For the past 71 years, we have been dispersed to the four corners of the earth, each and every one of us, carrying Palestine in our hearts. Our homeland is the litmus test for Humanity, and those who believe it has nothing to do with them are gravely mistaken; 67 words in the treacherous Balfour Declaration that spelt our enslavement, 67 thorns in Palestine’s flesh; we shall never tire, never stop, never surrender our fight for our God-given right to return Home. Long Live Palestine!”
Mohammed al Hawajri
Born in Al Bureij refugee camp Mohammed al Hawajri lives and works in Gaza, and is a founding member of the Group confluence of contemporary art (eltiqa group). He has participated in numerous group exhibitions inside and outside Palestine during the past years.
About the artwork: “Maryam” – 2015
“Maryam is the name of my beloved mother whom I lived with since I opened my eyes. But my paintings reflect all mothers. Every Maryam has her own life, or the one imposed upon her in our Arab world. Despite whatever strikes her she continues to renew hope and tenderness within us. In these (art)works, I certainly showed the beauty of a woman. Her chest is decorated with images of a changing reality while we are surrounded by fluctuating reasons and circumstances. Here, the woman is like the land which sprouts and bears fruit while we are like the fixed trees, steadfast upon it. My artistic project bears the spirit of beauty. It is part of the search for hope and life at a time in which many of the beautiful things, which we have lost due to the political inversions, have begun to disappear. Here I would like to say that beauty helps to keep spaces of hope open for the anticipated future that will be adorned with beautiful colors.”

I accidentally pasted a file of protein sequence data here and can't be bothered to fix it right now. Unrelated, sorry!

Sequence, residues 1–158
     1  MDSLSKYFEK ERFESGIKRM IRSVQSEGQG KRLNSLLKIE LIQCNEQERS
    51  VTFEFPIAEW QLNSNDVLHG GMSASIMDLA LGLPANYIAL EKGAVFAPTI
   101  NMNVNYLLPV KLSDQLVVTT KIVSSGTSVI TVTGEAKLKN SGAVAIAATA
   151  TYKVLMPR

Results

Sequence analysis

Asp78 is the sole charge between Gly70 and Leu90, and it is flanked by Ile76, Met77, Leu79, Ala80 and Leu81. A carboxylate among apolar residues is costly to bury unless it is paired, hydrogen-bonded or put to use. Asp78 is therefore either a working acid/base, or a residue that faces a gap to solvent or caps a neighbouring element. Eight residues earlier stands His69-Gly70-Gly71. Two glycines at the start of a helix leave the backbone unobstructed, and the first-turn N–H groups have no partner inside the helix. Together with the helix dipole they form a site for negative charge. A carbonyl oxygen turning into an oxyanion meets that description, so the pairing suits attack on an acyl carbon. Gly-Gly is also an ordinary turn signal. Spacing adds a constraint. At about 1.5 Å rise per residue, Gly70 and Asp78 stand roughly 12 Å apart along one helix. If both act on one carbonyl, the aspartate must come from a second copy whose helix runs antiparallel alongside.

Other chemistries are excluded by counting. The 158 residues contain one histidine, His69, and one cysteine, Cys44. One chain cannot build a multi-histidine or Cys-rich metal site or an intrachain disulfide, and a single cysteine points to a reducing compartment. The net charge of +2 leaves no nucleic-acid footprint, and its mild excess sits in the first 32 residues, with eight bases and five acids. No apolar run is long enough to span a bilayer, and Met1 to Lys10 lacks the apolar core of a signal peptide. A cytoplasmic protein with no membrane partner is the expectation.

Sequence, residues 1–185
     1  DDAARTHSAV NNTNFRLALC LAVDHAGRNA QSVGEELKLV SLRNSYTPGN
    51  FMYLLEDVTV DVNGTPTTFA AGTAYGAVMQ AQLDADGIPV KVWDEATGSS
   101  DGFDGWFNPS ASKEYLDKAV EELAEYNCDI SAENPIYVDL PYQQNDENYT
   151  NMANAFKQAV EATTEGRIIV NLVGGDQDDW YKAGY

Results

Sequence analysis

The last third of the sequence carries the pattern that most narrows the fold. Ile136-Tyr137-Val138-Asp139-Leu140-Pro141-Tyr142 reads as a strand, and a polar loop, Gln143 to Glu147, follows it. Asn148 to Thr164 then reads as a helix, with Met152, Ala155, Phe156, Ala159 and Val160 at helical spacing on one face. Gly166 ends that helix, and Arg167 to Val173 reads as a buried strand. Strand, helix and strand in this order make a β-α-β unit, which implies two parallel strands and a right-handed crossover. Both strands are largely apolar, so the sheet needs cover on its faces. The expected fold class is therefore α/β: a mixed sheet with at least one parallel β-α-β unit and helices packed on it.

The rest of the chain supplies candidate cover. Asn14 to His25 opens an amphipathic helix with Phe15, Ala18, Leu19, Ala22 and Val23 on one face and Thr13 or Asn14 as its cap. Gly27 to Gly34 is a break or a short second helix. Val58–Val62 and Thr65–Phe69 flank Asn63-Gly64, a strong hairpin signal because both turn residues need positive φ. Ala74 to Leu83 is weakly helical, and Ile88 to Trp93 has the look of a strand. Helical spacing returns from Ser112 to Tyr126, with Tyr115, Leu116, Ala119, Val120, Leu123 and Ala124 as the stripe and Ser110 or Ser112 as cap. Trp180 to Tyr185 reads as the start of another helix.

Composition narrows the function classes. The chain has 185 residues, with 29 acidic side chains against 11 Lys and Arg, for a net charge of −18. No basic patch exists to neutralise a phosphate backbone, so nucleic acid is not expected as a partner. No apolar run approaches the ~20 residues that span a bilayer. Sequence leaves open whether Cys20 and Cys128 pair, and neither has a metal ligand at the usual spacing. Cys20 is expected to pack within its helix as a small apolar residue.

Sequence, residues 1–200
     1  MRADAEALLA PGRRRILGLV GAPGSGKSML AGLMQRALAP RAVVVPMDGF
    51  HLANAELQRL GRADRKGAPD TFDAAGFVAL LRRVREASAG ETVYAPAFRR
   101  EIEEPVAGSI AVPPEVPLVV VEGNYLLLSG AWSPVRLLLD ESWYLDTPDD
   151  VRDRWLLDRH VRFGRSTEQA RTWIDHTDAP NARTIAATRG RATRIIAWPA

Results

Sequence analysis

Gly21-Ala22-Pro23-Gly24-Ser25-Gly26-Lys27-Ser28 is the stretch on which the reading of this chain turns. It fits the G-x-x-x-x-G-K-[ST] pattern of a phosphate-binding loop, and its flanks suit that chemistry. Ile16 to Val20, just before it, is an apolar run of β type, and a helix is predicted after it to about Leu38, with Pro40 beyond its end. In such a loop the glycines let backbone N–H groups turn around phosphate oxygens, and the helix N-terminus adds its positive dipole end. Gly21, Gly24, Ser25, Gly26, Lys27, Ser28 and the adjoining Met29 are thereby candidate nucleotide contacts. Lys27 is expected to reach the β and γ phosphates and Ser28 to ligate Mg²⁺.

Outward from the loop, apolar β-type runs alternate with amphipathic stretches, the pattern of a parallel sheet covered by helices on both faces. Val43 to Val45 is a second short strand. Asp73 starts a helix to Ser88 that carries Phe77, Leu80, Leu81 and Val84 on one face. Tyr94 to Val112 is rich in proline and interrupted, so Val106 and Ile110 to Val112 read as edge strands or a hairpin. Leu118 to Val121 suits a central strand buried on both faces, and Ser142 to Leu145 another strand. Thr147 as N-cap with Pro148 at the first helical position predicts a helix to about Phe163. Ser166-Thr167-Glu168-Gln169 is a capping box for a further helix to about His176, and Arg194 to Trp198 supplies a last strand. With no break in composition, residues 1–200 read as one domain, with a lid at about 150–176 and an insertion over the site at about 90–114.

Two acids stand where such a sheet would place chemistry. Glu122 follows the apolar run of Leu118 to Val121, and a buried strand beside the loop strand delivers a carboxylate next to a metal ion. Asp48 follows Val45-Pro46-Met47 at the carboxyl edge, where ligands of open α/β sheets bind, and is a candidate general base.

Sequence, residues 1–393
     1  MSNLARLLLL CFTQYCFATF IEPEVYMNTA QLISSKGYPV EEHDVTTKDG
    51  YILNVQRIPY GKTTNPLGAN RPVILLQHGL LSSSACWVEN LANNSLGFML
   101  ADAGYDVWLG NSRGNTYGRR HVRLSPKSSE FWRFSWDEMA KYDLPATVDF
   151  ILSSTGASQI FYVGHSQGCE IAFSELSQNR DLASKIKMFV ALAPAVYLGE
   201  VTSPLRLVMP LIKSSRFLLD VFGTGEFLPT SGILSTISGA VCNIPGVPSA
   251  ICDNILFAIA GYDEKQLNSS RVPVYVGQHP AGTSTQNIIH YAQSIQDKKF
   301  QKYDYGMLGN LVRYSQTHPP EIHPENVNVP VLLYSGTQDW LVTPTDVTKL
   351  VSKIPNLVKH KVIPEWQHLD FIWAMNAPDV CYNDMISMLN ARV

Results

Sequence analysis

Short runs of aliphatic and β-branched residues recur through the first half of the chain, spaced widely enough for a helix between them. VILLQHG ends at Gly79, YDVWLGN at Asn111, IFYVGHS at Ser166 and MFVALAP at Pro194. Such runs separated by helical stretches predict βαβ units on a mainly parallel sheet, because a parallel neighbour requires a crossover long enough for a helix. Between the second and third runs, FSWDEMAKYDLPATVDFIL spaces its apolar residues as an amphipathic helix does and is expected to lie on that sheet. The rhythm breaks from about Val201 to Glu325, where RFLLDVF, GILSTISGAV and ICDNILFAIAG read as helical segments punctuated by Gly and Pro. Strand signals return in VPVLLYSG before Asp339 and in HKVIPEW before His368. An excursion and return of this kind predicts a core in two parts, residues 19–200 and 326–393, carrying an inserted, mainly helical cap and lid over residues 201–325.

Born in Gaza Malak Mattar is the youngest participant. Malak paints powerfully expressionist faces, figures, and semi-abstract designs. She first started painting at age 13, during the 51-day Israeli military assault on Gaza in 2014. Mattar’s artwork quickly began to garner interest from galleries beyond Palestine. Her first international exhibition was in Bristol, UK, in 2017.
About the Artwork:
Malak asked us to make a choice. We did so and we thought as the last contribution it had to be something hopeful. This is one of Malak’s latest works.
“When peace dies
It will live again.”